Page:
September 11, 2012

Today's Wildlife Disease News Stories


Wildlife Health Bulletin - Hemorrhagic Disease in Wild Ruminants

This Bulletin provides a current update on hemorrhagic disease (HD) in wild ruminants. HD is a viral disease caused by either epizootic hemorrhagic disease virus (EHDV) or bluetongue virus (BTV); these Orbiviruses are related, but are genetically distinct. They are spread by biting midges in the genus Culicoides, resulting in seasonal occurrence of the disease. The North American species most affected is the white-tailed deer, but mortality can occur in mule deer, black-tailed deer, elk, bighorn sheep, and pronghorn antelope. The viruses do not infect humans, but may cause
disease of varying severity in sheep and cattle.

... Outbreaks in 2012 have the potential to be more severe because widespread drought and high temperatures cause lower water levels creating more muddy areas favored by the vectors. In addition, herd immunity to HD viruses may be low because five years has lapsed since the last large outbreak. The Southeastern Cooperative Wildlife Disease Study (SCWDS) at the University of Georgia has received HD reports from much of the United States this year and has confirmed deer mortality due to these virus serotypes: EHDV-1, EHDV-2, EHDV-6, or BTV-13 infection in 15 states.

USGS National Wildlife Health Center -
07 Sep 2012
JS Sleeman, USGS National Wildlife Health Center and J Fischer, Southeastern Cooperative Wildlife Disease Study

More Epizootic Hemorrhagic Disease News
>>> MDARD warns of EHD in domestic deer facilities [Maryland, USA]
>>> Deer found dead in Warren County could be latest victims of hemorrhagic virus [Harmony Township, New Jersey, USA - Map It ]
>>> Deer Killing Disease Now in 17 Counties [View latest cases reported in Michigan, USA on the Disease News Map ]

Peru Dolphin and Pelican Mortality 2012: IUCN Wildlife Health Specialist Group Report

Dolphin mortality has been reported along the Northern Peruvian coast (over roughly a 200km area around Tumbes, Piura, Lambayeque and La Libertad regions) since January 2012. Species affected are Delphinus capensis and Phocoena spinipinnis. Isolated reports also mention Tursiops truncatus.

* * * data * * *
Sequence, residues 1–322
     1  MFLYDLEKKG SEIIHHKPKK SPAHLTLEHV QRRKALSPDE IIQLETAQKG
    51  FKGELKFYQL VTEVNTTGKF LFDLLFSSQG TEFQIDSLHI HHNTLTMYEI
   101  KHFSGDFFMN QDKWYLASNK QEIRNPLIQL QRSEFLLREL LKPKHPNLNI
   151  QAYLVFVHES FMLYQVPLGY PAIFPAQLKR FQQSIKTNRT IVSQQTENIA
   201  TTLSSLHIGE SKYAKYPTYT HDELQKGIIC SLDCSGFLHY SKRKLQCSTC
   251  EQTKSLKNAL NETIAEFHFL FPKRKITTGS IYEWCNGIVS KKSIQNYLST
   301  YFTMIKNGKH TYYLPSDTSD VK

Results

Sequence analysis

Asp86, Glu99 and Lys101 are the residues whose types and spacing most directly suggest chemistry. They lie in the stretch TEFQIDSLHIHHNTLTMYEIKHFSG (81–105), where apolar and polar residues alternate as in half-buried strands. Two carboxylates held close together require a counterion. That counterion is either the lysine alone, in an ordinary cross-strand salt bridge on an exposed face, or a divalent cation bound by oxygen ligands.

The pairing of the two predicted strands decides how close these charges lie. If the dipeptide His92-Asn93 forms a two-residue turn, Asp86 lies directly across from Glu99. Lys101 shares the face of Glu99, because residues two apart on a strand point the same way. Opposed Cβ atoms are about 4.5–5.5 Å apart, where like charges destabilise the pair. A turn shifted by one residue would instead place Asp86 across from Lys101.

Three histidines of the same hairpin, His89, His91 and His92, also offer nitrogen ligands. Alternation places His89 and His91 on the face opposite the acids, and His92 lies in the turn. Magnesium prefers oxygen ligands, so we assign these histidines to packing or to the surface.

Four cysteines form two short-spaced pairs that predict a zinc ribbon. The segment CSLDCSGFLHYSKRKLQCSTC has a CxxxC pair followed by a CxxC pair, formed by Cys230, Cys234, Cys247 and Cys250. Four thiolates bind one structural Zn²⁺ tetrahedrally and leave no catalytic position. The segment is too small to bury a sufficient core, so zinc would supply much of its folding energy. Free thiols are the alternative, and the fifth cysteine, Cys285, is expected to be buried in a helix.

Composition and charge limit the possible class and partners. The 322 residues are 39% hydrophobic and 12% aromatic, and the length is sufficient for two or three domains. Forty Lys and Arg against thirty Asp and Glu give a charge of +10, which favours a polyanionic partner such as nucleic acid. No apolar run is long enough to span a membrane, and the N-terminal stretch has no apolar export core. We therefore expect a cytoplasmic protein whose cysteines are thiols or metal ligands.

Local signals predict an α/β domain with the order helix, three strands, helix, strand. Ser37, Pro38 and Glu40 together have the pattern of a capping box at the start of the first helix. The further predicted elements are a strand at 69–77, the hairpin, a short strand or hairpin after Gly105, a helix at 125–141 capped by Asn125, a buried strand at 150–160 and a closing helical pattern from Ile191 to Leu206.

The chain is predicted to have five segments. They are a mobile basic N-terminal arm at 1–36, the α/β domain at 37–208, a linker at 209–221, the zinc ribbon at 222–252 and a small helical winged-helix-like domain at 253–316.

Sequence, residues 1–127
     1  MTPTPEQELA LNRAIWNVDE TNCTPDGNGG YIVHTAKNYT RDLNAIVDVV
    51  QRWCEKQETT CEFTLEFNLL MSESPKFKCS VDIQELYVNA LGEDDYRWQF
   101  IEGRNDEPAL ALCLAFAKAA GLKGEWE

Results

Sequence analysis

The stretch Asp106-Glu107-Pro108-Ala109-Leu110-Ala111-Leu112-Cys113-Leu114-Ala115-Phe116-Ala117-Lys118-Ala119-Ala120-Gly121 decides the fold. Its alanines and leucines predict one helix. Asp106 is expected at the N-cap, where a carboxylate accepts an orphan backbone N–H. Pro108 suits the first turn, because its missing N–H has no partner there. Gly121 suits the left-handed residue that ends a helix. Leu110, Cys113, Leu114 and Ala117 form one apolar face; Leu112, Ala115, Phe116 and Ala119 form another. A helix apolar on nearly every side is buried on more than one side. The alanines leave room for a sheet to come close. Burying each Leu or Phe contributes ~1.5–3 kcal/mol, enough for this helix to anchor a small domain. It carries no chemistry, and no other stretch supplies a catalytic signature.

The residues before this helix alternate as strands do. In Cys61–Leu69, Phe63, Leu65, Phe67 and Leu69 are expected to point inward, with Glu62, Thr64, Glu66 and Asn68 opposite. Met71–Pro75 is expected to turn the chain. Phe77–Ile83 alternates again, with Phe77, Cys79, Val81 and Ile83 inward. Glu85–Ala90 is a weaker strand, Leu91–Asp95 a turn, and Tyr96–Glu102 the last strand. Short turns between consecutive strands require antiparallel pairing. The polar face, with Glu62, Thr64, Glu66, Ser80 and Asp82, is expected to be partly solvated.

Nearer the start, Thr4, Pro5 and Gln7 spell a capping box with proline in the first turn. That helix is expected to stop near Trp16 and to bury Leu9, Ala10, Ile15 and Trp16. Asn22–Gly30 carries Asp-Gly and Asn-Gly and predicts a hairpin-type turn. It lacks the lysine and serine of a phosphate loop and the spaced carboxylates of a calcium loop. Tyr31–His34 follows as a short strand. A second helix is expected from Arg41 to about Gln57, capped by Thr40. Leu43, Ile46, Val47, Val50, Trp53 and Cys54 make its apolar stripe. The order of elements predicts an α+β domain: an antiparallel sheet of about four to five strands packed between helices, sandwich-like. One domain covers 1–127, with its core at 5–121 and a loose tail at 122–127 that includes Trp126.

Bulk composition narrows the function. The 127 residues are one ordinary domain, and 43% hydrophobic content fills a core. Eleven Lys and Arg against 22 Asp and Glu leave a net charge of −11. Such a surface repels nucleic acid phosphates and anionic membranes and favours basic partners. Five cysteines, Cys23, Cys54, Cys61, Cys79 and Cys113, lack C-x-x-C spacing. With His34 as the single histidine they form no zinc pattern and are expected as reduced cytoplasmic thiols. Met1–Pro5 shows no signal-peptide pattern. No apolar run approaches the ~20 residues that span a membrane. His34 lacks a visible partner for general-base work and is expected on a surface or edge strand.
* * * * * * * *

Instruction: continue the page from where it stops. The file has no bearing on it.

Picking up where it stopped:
...The die-offs have sparked widespread speculation about the causes, but none have been scientifically confirmed. Necropsy analysis showed no signs of starvation, respiratory, digestive or neurological disease.

...Peru has also experienced avian die-offs this autumn along its northern coast. Pelicans (Pelecanus thagus) have been the most affected species, followed by the Peruvian booby (Sula variegata) and cormorants (Phalacrocorax bouganvillii). The National Service of Animal Health (SENASA at Ministry of Agriculture) collected and analyzed pelican and booby samples at the 4 affected regions: Piura, Tumbes, Lambayeque and La Libertad and reported the finding of Pasteurella multocida.

...On August 7th , a new stranding of up to 60 sea lions on Puerto Pizarro, Tumbes was announced by the media. A quick response of the government supported by local NGOs confirmed the presence of only 12 carcasses; samples were collected by IMARPE and are currently under analysis.

IUCN Wildlife Health Specialist Group -
No date provided
Report courtesy of the Australian Wildlife Health Network


Media release: Lake Hume fish investigation rules out infection

An extensive investigation into sick redfin found in Lake Hume earlier this year has ruled out an infection as the cause of their condition. Over the winter months, recreational anglers at Lake Hume reported a number of redfin in their catches affected by a gill and skin condition.

...DPI Director of Fisheries Management Travis Dowling said the investigation had established dermatitis and chronic branchitis as the cause – not a viral infection.

Dept. of Primary Industries -
31 Aug 2012
Location: Lake Hume, Australia - Map It
Story courtesy of the Australian Wildlife Health Network


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